I felt his breath against my face. It smelt even more distinctly of beer. His eyes had an evil glint in them. He showed no emotion; he did not smile and he did not frown. Yet something in his eyes sent fear running through me. The man laughed. Loudly and callously, his malicious laugh filled the dank room and echoed in my ears. I felt so scared.
He drew another small blade from his left pocket and pressed it against my cheek. The metal felt cold and unpleasant. He traced the shape of three sixes on my upper left arm with the point of the knife. Three sixes. The sign of the devil. He lightly ran the tip of the blade across my forehead and down my cheeks. As he ran it down my arm, he started to press harder. At first, he slightly scratched the surface, but then he broke the skin and sliced his way through my arm. It was sheer torture. I could see what he was doing and I could feel the pain. It hurt so much, yet I was unable to move, and unable to stop the agony.
“Why are you doing this to me?” I shouted at the man, blinded by my tears. He carried on as if my voice had just been a breath on the wind. I tried struggling to break free but it did not work. As he lent over me once more, I jerked my knee just hard enough to whack him in his crutch. He winced and squirmed in pain. He dropped the knife just next to my hand. I stretched as hard as I could and managed to pick it up with my fingers. Working quickly, I tried to slice the rope to free my hand.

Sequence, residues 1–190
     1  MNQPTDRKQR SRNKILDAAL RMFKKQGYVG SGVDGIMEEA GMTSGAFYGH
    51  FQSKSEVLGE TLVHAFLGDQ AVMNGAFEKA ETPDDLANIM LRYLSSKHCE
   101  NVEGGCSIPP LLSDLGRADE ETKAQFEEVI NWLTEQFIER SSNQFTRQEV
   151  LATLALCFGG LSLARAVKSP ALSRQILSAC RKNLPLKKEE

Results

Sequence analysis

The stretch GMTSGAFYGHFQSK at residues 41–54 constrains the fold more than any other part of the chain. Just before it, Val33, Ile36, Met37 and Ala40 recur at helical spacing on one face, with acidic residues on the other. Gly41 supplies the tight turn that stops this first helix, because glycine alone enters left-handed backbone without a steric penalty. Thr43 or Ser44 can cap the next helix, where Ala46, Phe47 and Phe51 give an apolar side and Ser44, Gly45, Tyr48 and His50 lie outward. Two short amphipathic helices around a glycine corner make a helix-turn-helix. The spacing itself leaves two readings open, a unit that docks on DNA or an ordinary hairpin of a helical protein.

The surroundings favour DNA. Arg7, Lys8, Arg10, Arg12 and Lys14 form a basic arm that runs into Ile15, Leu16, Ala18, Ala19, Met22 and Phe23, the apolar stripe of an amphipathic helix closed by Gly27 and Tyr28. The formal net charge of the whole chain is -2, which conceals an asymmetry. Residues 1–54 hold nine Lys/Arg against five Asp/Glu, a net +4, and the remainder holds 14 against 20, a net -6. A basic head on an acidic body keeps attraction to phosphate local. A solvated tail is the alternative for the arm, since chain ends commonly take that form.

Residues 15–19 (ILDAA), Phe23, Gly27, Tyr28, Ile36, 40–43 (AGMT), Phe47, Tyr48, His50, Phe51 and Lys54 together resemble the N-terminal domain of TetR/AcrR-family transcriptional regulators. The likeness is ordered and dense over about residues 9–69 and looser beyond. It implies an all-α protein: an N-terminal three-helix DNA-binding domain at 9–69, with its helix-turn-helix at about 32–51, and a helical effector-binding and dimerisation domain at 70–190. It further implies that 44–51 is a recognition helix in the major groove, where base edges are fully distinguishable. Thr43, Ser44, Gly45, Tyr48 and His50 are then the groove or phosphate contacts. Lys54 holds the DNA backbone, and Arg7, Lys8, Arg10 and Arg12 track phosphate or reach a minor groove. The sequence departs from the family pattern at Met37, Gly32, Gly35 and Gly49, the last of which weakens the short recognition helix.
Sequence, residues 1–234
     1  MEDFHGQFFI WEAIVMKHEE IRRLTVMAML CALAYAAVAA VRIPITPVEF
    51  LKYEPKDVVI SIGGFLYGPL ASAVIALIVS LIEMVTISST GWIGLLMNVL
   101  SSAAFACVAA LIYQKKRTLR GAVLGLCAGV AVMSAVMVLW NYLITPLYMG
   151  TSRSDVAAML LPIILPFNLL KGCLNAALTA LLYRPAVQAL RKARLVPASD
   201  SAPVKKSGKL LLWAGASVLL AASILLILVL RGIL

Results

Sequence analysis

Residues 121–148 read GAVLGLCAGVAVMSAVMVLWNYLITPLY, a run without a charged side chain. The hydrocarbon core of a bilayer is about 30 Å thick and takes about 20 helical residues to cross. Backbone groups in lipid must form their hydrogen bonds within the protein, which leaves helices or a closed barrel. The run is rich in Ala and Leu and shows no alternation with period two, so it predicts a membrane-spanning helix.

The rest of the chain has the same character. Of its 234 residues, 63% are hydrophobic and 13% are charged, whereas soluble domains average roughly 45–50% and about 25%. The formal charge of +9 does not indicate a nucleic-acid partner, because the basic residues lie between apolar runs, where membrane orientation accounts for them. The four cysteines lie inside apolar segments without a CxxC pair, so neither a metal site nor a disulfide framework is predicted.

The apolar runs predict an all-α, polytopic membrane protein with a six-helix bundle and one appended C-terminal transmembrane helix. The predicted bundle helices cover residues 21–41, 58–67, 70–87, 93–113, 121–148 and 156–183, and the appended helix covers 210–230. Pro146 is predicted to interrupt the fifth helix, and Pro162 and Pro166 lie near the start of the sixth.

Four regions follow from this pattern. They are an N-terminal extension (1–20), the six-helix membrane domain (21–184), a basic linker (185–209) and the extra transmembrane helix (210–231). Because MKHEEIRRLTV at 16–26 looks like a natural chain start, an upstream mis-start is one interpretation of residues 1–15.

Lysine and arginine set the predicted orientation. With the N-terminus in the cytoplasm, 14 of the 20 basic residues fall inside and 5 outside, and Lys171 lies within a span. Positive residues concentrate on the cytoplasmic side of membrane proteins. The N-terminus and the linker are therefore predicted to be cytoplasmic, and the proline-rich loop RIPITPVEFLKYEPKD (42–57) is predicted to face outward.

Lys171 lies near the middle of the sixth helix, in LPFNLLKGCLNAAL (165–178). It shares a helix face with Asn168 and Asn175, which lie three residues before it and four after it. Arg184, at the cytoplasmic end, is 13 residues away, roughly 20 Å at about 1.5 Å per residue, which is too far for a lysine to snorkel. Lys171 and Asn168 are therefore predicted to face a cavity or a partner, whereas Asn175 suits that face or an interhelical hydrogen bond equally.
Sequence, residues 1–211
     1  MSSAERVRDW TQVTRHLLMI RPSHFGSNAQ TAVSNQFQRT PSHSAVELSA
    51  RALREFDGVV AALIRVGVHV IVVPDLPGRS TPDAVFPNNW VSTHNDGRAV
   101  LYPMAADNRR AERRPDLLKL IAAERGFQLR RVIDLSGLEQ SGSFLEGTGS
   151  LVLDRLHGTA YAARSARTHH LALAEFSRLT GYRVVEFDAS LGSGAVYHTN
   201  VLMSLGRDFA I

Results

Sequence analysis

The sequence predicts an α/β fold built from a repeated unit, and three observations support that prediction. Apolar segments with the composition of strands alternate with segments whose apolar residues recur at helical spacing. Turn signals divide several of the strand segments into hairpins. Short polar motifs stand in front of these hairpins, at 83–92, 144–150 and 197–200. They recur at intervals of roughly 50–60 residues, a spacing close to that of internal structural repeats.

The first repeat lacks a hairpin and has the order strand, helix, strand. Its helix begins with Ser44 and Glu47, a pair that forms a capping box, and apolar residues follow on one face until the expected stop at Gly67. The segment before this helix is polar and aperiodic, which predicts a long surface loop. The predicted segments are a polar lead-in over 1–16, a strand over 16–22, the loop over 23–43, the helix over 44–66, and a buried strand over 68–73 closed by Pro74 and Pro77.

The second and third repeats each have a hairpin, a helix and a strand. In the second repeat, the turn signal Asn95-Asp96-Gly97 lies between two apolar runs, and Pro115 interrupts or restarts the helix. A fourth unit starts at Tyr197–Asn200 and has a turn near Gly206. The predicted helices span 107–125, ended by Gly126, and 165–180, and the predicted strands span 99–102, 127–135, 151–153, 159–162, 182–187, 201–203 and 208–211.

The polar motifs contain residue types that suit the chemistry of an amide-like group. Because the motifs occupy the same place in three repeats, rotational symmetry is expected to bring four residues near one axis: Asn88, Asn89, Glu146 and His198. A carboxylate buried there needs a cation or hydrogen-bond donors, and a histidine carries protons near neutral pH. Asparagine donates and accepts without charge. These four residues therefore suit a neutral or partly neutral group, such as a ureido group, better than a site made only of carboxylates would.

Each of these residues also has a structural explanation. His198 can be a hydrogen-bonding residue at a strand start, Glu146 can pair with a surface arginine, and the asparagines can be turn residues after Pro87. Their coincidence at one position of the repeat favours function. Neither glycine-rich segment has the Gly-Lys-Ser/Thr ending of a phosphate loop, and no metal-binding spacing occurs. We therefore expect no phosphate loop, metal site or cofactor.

The rope was thin and brittle, and so the knife cut through reasonably easily. I hurriedly cut the rope around my other hand and around both my legs. I jumped down from the table and tried to escape out of the door. The man grabbed my ankle as I ran, sending me flying across the floor. The impact against the rough carpet knocked the air out of my lungs, leaving me coughing, and gasping for breaths. I tried crawling to the door, but the man stamped on my fingers. I yelled in pain, as my fingers throbbed.
The door was flung open. ” Hands up or I’ll shoot.” An armed police officer stood there, and in her outstretched arm she held a handgun. It was a dull, matte black and had a silver breech. The man grabbed me and pulled me back towards him. He held the knife to my throat.
“Drop the gun or I’ll kill her.”
“Put down your weapon.” Another two policemen ran up behind the women. They were both heavily built with muscular arms and massive feet. Both carried guns similar to the woman.